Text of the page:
Giving clearly a one-sided point of view, Premachandran told Jaishankar that the Tamil people may not accept a political solution without the merger, and that they might continue agitating. He said that his party, the EPRLF, which is a partner of TNA, had fully cooperated with India on the implementation of the Accord, and like the Indian Peace Keeping Force, had lost many men in the fight against the LTTE, which opposed the treaty. India has a moral responsibility to keep its promise and persuade the Sri Lankan Government to re-merge the North and East, he said.


Is he talking for himself and his party the EPRLF, or is he voicing the opinion of the TNA? Premachandran cannot be speaking on behalf of the TNA as his views were disowned by other TNA MPs, on many occasions in the past.

What is more interesting is what the Indian Foreign Secretary told the TNA MP. Jaishankar told Premachandran that much water has flown down the bridge since 1987 and as the situation has changed it will be better for all concerned to make use of the various windows of opportunity which have opened up in January 2015 with the change of government in Colombo and secure the rights of the Tamils.

It is obvious that India is fast losing its patience with the Tamil politicians who still insist on political solutions without trying to get the best possible economic benefits to the Tamil people by utilizing the development projects offered by India and many other countries to the North and East. Indian diplomats were very unhappy that Chief Minister Wigneswaran refused to attend the Jaffna Trade Exhibition, which was attended by many Indian entrepreneurs. The CM did not think it was necessary to participate in the meetings organized by the Indian Chambers in Jaffna.

The combined majority of Muslims and Sinhalese in the East are opposed to a merger with the North. The merger of the North and East is considered important by the Eastern Tamils because it helps them face the Muslims who tend to dominate them economically and politically. If the East is to be merged with the North, the Tamils will be in an overwhelming majority and can run the province as per their wish and push the Muslims into an insignificant minority. The reason for the Muslims to oppose the merger is that their proportion would be reduced from 35 per cent to 12 per cent in the combined province.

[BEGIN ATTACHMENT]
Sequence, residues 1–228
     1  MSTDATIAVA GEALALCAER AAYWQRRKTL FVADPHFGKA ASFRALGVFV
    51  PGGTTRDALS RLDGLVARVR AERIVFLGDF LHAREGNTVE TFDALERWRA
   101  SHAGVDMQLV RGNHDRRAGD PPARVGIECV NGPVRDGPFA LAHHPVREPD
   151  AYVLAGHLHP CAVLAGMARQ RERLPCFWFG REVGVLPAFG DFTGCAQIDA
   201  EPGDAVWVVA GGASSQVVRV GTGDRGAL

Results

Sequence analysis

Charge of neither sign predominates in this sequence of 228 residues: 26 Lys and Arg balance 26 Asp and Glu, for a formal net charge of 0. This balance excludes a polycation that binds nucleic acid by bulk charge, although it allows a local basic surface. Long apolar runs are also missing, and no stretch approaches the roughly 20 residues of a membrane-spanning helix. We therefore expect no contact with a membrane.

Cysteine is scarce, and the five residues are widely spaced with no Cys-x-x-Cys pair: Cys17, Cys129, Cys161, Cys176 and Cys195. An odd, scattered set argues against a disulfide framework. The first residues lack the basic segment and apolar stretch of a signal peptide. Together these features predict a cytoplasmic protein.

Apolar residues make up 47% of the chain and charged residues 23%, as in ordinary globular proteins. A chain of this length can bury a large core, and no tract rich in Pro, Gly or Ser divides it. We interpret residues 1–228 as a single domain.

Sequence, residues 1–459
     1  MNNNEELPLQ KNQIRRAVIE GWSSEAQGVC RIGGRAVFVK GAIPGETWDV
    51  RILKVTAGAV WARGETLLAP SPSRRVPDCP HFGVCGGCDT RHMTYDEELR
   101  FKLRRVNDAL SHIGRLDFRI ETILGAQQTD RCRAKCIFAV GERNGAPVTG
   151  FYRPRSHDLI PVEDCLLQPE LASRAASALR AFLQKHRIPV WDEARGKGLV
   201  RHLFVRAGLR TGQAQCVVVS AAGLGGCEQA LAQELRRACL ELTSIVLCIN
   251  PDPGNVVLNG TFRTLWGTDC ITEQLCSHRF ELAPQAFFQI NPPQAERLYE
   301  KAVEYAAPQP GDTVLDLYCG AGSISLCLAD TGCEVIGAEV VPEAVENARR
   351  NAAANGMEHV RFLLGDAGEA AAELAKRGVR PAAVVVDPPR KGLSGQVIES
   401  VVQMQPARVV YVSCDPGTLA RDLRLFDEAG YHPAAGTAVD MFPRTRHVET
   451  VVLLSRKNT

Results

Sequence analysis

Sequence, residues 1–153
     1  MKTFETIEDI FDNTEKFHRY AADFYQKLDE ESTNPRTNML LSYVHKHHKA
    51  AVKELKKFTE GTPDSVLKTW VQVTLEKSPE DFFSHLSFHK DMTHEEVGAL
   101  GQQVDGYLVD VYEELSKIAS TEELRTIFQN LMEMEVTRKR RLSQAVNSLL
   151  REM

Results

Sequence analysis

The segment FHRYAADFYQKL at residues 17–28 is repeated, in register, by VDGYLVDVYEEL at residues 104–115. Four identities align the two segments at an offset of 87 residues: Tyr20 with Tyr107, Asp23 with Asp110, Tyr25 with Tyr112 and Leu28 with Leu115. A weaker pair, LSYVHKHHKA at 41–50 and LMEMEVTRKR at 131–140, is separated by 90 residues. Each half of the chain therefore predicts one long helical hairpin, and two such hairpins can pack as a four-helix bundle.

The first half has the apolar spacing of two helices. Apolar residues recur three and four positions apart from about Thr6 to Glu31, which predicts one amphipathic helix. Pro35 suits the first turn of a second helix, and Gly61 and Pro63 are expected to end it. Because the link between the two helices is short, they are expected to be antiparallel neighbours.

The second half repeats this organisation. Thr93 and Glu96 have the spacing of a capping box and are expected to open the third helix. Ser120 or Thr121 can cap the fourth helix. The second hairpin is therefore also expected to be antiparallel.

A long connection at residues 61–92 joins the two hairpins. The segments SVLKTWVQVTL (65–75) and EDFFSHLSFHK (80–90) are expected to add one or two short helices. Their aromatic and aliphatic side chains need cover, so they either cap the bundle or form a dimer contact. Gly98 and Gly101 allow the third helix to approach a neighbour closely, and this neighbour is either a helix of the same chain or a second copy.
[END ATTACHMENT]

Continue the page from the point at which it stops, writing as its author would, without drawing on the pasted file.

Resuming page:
While India expresses its displeasure to the Tamil leaders of the North and East for their outdated demands, it is quite pleased with the progresses made by the upcountry Tamils, once known as the Indian Origin Tamils. Jaishankar held fruitful discussions with a group of their representatives led by Mano Ganesan, Leader of the Tamil Progressive Alliance (TPA).

Ganesan disclosed to the media that Jaishankar conveyed to him that India will give special consideration to the Indian Origin Tamils in view of their special needs and also their willingness to involve in mainstream politics in Sri Lanka. By stating this, India is telling the Sri Lankan Tamil leaders too to cooperate with the Sri Lankan and Indian Governments.

With all these utterances of Jaishankar, the question that jumps to one’s mind is how about the sovereignty of Sri Lanka. Can India openly get involved in a ‘merger or no merger’ of two provinces in this country, which definitely is an internal issue? India may not be following ‘parippu’ (dropping of dhal by Indian Air Force in Jaffna) diplomacy of naked aggression of Sri Lankan airspace, but as somebody said, sovereignty is an umbrella for protection and not to wave it around disturbing other umbrellas, especially the bigger ones.

‘Sugeeswara Senadhira heads Sri Lankan President’s media division. This article first appeared in Ceylon Today. It is being reproduced after minor amendments by INPS Southeast Asia director and correspondent Kalinga Seneviratne to suit an international audience. [IDN-InDepthNews – 07 March 2017]

Photo: India’s Prime Minister Rajiv Gandhi (left) and Sri Lanka President JR Jayawardene (right) signing the Indo-Sri Lanka Agreement of July 29, 1987.

IDN is flagship agency of the International Press Syndicate

Related Posts

Begin typing your search term above and press enter to search. Press ESC to cancel.

Back To Top